2) Plasma's are nice, but then you have to buy the mounting bracket and pick a permanent location you want to put the thing. Go to Best Buy, Circuit City, or wherever and tell me that a Plasma's picture is worth 1,000 bucks more than a Rear-Project LCD or DLP. Personally, I didn't think so and couldn't rationalize the extra grand.

3) 1080p is amazing, can't deny that..check out the demo disk they have at Best Buy which shows the watchmaker..incredible, you can see every pore and hair on his hand. But honestly, how much detail do you really need? Remember, no current tv programming in 1080p. Watch HD on a 720p, compare it to your current set, and you'll be blown away.

Here's what I ended up doing after sleeping on it a night:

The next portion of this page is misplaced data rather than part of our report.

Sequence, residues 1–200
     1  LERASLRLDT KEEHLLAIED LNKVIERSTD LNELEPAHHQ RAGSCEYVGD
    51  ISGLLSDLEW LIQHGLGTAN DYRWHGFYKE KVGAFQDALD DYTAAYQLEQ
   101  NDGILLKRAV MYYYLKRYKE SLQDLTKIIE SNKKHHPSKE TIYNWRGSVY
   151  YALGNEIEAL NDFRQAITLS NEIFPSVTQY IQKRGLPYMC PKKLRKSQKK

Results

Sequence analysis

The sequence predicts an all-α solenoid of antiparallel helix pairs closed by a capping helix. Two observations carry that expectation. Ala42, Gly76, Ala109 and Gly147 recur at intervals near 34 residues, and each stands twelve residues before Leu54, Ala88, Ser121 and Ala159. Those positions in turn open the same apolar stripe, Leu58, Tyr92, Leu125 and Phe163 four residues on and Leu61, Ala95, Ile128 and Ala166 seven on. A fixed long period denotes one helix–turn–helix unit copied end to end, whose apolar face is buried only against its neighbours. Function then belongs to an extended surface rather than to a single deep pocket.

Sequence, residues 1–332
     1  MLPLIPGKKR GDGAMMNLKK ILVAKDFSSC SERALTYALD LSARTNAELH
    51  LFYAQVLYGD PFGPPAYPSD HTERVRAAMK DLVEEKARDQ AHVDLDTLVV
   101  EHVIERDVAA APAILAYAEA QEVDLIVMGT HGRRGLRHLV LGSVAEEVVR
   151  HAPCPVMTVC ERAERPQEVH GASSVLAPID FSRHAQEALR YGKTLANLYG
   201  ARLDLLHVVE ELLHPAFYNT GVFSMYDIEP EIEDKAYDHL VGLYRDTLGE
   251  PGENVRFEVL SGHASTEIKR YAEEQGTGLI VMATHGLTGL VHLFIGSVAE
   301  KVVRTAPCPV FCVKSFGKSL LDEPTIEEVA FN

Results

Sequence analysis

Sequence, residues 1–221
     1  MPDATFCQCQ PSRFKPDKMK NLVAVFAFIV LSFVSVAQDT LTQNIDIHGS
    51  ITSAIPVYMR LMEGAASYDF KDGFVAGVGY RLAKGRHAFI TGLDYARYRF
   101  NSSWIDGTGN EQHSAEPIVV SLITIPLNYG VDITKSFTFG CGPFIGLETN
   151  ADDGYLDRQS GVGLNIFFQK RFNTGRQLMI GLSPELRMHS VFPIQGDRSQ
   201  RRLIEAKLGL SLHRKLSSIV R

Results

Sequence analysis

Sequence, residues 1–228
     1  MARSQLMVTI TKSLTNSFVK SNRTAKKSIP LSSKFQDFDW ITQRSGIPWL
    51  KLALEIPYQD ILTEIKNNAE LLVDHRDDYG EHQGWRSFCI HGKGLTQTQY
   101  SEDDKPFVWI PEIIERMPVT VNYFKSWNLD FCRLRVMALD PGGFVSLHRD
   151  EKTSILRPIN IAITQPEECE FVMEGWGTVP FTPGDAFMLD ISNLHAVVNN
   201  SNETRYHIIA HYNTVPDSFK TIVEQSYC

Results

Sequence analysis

Ended up getting a 50" Samsung 720p DLP for $1,100 on sale. Absolutely love it! It's a lot lighter than my old 36" TV and I can move it to any room in my house. I am a sports nut, so I'm usually stuck on ESPN/ESPN2 HD. I've been watching all the college basketball conference tournaments this week and I'm in heaven, the picture is amazing!! Keep in mind, you'll need to order the HD programming package through your cable or satellite provider. It's totally worth it, you'll get roughly 10 channels in HD. I find myself watching programs on the Discovery Channel I'm not even interested in, but because the scenery is so incredible in HD, I can't bring myself to turn the channel. If you don't want to spend the extra for the package, all you need is an HD antenna (only 20 bucks) and you'll pick up all the local channels - WCCO, FOX, KSTP, KARE11 in HD (when HD programming is available). I used the extra money I saved to buy a TV stand and receiver for surround sound. I know it's tempting to go all out, so if you have the cash and it's not going to hurt you financially then go for it! For me, the 720p rear projection was the way to go, and I couldn't be happier. Good luck in your search, let us know what you end up getting, and make sure you have it ready to rock before March Madness starts next Thursday grin.gif